News · 新闻
Does Foreign Investment in China Contribute to a "Race to the Bottom" in Environmental Standards?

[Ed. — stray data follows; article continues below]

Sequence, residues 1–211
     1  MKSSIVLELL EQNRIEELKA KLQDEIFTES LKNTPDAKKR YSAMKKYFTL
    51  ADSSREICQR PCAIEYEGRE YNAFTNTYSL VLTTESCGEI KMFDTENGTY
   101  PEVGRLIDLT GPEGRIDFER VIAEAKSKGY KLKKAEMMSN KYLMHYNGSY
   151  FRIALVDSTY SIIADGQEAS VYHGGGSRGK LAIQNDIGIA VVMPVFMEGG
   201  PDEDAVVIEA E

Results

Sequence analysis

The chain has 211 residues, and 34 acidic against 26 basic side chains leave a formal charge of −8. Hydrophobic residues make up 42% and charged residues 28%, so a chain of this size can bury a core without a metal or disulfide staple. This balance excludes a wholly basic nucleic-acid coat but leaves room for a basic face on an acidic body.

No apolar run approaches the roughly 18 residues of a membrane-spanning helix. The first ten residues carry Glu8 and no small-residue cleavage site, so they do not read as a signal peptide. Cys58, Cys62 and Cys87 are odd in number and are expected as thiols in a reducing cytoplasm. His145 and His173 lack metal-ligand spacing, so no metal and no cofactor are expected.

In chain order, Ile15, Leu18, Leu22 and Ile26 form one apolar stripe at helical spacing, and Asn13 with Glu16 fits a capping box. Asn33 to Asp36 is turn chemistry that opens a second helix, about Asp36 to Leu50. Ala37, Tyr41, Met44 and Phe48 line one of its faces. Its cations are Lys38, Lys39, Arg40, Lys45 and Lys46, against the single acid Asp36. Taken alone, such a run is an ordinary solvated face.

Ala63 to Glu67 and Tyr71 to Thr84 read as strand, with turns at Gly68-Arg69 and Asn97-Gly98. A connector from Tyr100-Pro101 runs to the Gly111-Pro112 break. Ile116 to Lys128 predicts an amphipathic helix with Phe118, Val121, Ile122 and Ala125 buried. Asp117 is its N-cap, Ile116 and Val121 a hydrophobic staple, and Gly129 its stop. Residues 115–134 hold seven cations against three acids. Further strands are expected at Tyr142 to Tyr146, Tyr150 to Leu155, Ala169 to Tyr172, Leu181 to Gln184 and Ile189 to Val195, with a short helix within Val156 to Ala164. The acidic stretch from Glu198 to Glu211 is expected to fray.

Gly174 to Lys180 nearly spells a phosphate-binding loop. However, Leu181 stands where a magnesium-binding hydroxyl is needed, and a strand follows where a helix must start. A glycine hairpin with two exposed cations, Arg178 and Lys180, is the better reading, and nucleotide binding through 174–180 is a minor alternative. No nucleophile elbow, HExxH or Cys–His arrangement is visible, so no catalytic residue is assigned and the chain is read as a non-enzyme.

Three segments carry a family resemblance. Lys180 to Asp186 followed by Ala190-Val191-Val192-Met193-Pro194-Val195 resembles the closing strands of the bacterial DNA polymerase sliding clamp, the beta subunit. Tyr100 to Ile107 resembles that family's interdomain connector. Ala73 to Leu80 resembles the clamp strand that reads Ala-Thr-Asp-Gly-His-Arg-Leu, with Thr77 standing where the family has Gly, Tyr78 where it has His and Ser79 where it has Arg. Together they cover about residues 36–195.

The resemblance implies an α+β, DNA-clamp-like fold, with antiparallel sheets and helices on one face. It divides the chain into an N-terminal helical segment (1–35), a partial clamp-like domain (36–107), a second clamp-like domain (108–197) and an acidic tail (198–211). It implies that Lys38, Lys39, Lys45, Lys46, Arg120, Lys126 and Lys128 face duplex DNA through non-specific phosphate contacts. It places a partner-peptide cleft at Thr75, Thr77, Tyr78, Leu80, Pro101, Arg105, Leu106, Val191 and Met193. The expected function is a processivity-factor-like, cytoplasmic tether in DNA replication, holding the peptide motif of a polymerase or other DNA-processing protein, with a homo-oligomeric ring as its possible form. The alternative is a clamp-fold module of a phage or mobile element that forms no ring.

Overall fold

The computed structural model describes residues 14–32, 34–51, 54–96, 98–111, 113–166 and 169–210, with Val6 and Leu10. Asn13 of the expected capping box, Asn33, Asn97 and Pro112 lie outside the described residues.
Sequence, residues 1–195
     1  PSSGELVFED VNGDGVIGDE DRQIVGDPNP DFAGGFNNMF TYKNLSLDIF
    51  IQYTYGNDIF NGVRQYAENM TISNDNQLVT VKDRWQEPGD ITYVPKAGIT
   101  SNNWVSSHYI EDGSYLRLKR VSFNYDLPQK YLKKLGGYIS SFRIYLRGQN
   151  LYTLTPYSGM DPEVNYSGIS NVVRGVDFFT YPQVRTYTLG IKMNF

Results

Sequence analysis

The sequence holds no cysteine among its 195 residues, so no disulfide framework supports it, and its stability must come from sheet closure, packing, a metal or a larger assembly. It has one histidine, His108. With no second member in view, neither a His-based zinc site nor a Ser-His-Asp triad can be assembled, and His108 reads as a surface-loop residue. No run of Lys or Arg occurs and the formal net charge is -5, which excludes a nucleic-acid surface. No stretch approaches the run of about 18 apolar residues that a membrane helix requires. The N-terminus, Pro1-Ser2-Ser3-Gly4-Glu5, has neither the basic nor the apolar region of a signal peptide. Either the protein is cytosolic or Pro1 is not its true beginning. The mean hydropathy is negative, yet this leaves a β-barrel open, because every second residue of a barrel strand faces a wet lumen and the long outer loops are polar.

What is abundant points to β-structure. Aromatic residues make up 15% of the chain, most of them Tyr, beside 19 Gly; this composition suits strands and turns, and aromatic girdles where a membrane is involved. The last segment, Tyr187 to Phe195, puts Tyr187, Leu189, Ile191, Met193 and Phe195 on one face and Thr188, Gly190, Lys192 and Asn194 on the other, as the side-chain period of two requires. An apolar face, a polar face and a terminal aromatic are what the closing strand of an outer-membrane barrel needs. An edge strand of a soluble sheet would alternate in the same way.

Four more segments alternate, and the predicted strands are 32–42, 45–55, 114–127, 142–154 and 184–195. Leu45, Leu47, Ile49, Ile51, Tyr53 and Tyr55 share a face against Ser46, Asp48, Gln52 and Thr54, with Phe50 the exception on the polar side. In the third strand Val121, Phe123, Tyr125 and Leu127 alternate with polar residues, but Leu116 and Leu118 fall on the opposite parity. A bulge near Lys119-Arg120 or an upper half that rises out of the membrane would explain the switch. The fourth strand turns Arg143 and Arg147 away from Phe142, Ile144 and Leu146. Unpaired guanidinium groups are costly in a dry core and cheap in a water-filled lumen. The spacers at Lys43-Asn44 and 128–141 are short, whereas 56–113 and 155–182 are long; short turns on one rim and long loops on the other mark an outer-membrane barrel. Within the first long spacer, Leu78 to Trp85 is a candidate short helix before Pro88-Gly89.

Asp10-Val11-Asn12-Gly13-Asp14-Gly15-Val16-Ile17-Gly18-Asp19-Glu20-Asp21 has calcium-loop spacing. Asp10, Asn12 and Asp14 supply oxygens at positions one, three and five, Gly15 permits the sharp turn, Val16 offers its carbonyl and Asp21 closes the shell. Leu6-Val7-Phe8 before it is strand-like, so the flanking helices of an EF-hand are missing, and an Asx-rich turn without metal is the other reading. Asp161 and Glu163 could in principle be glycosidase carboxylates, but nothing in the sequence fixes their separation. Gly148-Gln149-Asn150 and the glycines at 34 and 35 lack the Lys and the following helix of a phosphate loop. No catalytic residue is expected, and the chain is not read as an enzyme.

On 26 April 2007, Phillip Stalley, Visiting Research Fellow in the China and the World Program at Princeton, gave a talk entitled, “Foreign Firms and Environmental Governance in China.” His presentation addressed the concerns of scholars who fear that the increasing mobility of global capital and growing reliance of developing countries on foreign investment is shifting power from governments to firms and contributing to a “race to the bottom” in environmental standards. Focusing on the race to the bottom argument, Dr. Stalley discussed how China’s reliance on foreign investment influences patterns of enforcement and compliance in China. He argued that, while on paper China has strengthened environmental regulation related to foreign investment, there remain considerable lapses in enforcement, chiefly in industrial parks designed to attract foreign investment. These enforcement lapses are partially driven by the competition to lure foreign capital. At the same time, based on a survey of manufacturing enterprises, Dr. Stalley indicated that compliance with environmental regulation varies widely across foreign firms. Enterprises from developing Asian countries, which typically have weak environmental governance systems, tend to display poor environmental practices. The conclusion is that the China case coincides with the expectations of those concerned with a “race to the bottom”, but only under limited scope conditions. China’s race to the bottom is limited by jurisdiction (special industrial zones), regulation (enforcement rather than standard-setting), and firm (from developing rather than developed countries). (Phillip Stalley)